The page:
Pho­to: www.pxhere.com

Many pho­tog­ra­phers con­sid­er win­ter to be exclu­sive­ly a “stu­dio” sea­son, but even in cold weath­er, you can con­tin­ue to shoot out­doors. Win­ter is not only cold and snow­falls. It is also a beau­ti­ful light, the “gold­en hour” at 9, not 5 in the morn­ing, and a mag­i­cal atmos­phere around. All of these can be used to cre­ate beau­ti­ful win­ter por­traits. But first you need to pre­pare your­self and the equip­ment — we tell you how.

General Winter Shooting Tips

First of all, it is very impor­tant that your hands and fin­gers are warm, because you need to press the but­tons and turn the knobs! This will require com­fort­able gloves. An excel­lent option would be with remov­able fin­ger­tips. Gloves that can use the touch­screen are also good (espe­cial­ly if you’re adjust­ing set­tings and focus point using the dis­play).

Warm up your­self and make sure that your mod­el is also dressed for the weath­er! Pho­to: picryl.com

Sec­ond­ly, you need a reli­able back­pack or cam­era bag. In it, the cam­era and oth­er equip­ment will be reli­ably pro­tect­ed dur­ing trans­porta­tion to the loca­tion and after the pho­to­set.

And since we are talk­ing about the loca­tion (third­ly), think about the shoot­ing loca­tion in advance. It will be cold dur­ing the pho­to­set, and you will no longer have time to look for a suit­able place or a beau­ti­ful back­ground. It is also desir­able that there is some­where near the shoot­ing loca­tion to pause and warm up (cafe, car, etc.).

Equipment preparation

Win­ter is cold and damp. And tech­nol­o­gy does not like such con­di­tions very much. There­fore, you should try to keep your cam­era, flash, and extra bat­ter­ies (more on that in a moment) under your out­er­wear. Take them out for direct use only.

Camera Protection

In heavy snow, it is bet­ter to pro­tect the cam­era with a spe­cial rain cov­er. Alter­na­tive­ly, shoot under an umbrel­la. In any case, using the cam­era with­out weath­er pro­tec­tion in snow or rain is at your own risk. Sure, you can shoot with a rugged “com­pact” (Fuji­film FinePix XP140, Olym­pus TG‑6), but these cam­eras aren’t great for pro­fes­sion­al por­traits.


In win­ter weath­er, it is very impor­tant to choose the right lens right away, because chang­ing it out­doors at this time is not the best idea: snow and mois­ture can eas­i­ly get inside the cam­era. It is rea­son­able to take a more or less uni­ver­sal zoom or your favorite por­trait lens and shoot the entire pho­to shoot with only this lens. We also rec­om­mend keep­ing a clean­ing cloth in an eas­i­ly acces­si­ble place to quick­ly wipe off snow or water drops.

Take the lens hood

Be sure to take a lens hood with you when shoot­ing in the “frost and sun” — the snow works like a giant reflec­tor, so ambi­ent light can reach the lens and cre­ate unwant­ed glare.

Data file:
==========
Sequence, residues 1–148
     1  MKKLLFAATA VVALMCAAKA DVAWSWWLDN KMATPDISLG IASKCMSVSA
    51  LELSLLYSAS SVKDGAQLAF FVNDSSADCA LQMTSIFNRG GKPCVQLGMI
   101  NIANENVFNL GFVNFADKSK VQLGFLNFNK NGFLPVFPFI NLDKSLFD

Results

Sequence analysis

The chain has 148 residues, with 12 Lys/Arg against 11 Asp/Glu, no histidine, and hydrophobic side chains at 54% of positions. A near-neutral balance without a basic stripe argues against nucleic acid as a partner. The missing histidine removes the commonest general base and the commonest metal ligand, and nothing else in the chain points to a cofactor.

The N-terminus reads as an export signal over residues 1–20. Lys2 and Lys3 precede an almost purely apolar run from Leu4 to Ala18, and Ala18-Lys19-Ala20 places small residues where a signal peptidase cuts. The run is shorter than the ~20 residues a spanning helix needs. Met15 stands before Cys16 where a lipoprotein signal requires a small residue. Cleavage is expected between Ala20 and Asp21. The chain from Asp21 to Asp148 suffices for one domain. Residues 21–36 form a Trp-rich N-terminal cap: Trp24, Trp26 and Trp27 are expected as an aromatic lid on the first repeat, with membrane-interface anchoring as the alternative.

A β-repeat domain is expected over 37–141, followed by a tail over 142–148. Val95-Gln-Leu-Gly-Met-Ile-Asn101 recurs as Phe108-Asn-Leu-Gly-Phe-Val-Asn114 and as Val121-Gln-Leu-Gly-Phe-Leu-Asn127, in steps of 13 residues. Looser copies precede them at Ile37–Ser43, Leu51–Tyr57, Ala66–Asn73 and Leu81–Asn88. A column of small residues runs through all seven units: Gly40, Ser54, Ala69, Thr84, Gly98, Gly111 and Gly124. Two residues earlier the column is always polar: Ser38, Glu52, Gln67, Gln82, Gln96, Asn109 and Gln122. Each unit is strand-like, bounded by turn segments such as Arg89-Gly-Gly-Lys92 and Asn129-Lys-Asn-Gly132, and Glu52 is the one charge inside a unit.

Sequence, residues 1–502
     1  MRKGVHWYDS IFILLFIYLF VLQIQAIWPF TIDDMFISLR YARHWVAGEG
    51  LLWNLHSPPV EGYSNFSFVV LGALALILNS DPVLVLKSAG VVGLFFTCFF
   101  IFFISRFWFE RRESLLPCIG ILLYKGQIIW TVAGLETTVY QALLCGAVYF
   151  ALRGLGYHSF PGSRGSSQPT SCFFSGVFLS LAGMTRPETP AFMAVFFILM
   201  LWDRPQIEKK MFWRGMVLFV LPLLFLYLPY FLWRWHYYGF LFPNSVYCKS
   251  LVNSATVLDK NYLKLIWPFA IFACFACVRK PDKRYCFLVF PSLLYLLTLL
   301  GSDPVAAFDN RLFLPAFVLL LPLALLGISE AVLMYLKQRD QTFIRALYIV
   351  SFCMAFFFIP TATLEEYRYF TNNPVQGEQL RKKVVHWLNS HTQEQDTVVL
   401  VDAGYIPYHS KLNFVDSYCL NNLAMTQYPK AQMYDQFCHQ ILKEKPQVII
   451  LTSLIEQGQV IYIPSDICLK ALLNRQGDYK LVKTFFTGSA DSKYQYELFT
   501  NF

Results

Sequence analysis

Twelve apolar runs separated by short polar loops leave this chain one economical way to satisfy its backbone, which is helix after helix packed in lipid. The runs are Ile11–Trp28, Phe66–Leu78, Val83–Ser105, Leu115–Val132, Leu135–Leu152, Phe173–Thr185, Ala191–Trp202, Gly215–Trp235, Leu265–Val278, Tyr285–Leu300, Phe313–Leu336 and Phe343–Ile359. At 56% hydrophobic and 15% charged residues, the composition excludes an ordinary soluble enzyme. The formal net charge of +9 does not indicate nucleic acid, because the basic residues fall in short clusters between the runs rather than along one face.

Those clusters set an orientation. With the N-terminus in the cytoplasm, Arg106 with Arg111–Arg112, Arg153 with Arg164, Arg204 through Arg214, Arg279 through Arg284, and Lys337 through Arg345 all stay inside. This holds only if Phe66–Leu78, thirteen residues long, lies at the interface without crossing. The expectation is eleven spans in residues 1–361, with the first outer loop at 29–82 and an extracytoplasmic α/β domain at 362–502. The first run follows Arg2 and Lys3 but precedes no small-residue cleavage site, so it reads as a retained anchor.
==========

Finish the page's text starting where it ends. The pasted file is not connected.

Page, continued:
UV filters

To elim­i­nate the “haze”, which is typ­i­cal for shoot­ing in the cold and in win­ter in par­tic­u­lar, there is a great tool — ultra­vi­o­let fil­ters. Ray­lab UV fil­ters are avail­able for a wide range of lens diam­e­ters. The Ray­Lab UV MC Slim Pro ultra­vi­o­let pro­tec­tive fil­ter is avail­able in diam­e­ters from 49 to 82 mm, has mul­ti-lay­er coat­ing and a thin frame. Anoth­er advan­tage of using UV fil­ters is that the front ele­ment of the lens is pro­tect­ed from snow and rain.

The UV fil­ter will elim­i­nate “haze” and pro­tect the lens from snow and mois­ture. Pho­to: fotosklad.ru


Anoth­er prob­lem in cold weath­er can be the rapid drain­ing of the bat­tery. Pre­pare two or three spare bat­ter­ies in advance and, as we said above, keep them under your out­er­wear while shoot­ing. If you don’t want to spend mon­ey on your orig­i­nal bat­ter­ies, Ray­lab has a wide range of replace­ment bat­ter­ies for all major makes and types of cam­eras: Sony and Pana­son­ic mir­ror­less cam­eras, Canon and Nikon DSLRs, and more.


If you decide to take a tri­pod with you, there are a few things to con­sid­er. In the cold, tripods have the unfor­tu­nate fea­ture of get­ting VERY cold. In the worst case, your hands will sim­ply stick to the met­al part of the tri­pod, like in the famous chil­dren’s hor­ror sto­ry (based on real events) about swings and tongues.

Ray­lab Pro 65 alu­minum tri­pod with foot pad to hold on in cold weath­er. Pho­to: fotosklad.ru

There­fore, you will need spe­cial pads on the legs, which will pro­tect both the tri­pod itself and your hands. In some mod­els, such over­lays are already avail­able. It is also handy if the tri­pod has a plas­tic car­ry­ing han­dle, like the Ray­lab Trav­el 63. Car­bon tripods can be used as an alter­na­tive, but they are sig­nif­i­cant­ly more expen­sive than alu­minum tripods. If you sud­den­ly decide to shoot on ice, then Man­frot­to and a num­ber of oth­er man­u­fac­tur­ers have spe­cial suc­tion cup legs with spikes.